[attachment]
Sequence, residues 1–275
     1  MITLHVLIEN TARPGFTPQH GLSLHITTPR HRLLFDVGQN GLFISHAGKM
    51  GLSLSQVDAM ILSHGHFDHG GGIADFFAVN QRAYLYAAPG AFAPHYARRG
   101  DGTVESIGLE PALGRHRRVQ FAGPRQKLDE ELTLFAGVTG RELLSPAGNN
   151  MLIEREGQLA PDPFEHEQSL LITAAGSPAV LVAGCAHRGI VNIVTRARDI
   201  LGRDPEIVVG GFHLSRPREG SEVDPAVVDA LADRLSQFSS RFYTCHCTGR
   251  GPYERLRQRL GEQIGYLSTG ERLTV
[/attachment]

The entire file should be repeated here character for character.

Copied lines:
Sequence, residues 1–275
     1  MITLHVLIEN TARPGFTPQH GLSLHITTPR HRLLFDVGQN GLFISHAGKM
    51  GLSLSQVDAM ILSHGHFDHG GGIADFFAVN QRAYLYAAPG AFAPHYARRG
   101  DGTVESIGLE PALGRHRRVQ FAGPRQKLDE ELTLFAGVTG RELLSPAGNN
   151  MLIEREGQLA PDPFEHEQSL LITAAGSPAV LVAGCAHRGI VNIVTRARDI
   201  LGRDPEIVVG GFHLSRPREG SEVDPAVVDA LADRLSQFSS RFYTCHCTGR
   251  GPYERLRQRL GEQIGYLSTG ERLTV